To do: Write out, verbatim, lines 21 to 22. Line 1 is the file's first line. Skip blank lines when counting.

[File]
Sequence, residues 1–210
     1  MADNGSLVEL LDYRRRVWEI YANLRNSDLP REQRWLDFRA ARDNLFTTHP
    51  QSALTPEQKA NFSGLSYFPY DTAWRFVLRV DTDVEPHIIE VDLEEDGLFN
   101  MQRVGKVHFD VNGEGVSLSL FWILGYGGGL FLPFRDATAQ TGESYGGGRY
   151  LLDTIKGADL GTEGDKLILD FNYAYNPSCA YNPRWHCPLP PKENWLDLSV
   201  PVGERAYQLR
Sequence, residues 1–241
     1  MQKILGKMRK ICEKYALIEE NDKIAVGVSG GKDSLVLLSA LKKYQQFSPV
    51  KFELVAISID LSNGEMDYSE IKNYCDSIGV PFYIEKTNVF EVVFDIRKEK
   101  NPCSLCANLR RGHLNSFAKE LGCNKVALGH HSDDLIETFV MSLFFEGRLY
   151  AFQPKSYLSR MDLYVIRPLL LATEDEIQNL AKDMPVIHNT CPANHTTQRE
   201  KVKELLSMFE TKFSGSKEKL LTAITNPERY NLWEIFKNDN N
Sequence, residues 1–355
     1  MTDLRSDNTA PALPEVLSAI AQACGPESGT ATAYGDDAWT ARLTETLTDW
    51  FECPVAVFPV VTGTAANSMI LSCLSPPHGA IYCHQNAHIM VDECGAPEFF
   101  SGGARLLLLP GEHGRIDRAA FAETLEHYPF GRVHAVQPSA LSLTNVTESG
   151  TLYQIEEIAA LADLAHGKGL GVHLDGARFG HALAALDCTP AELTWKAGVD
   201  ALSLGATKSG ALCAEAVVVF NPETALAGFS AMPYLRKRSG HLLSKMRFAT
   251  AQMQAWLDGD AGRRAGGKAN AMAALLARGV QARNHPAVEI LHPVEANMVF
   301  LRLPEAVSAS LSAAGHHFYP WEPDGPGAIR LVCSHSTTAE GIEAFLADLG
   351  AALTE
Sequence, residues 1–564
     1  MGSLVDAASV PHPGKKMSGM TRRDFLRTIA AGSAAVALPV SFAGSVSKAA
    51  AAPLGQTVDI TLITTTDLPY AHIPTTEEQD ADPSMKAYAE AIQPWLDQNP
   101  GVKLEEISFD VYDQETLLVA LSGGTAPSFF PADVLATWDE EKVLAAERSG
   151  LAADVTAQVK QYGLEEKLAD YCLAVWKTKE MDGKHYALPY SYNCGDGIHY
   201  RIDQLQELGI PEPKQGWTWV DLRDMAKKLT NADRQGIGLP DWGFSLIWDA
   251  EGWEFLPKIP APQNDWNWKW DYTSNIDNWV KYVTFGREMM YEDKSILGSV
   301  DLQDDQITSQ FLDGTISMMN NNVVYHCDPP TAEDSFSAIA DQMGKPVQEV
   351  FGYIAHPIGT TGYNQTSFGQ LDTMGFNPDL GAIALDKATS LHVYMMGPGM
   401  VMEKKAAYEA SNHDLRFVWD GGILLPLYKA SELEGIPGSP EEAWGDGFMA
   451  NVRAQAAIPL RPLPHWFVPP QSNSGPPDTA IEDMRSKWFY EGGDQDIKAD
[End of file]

   351  AALTE
Sequence, residues 1–564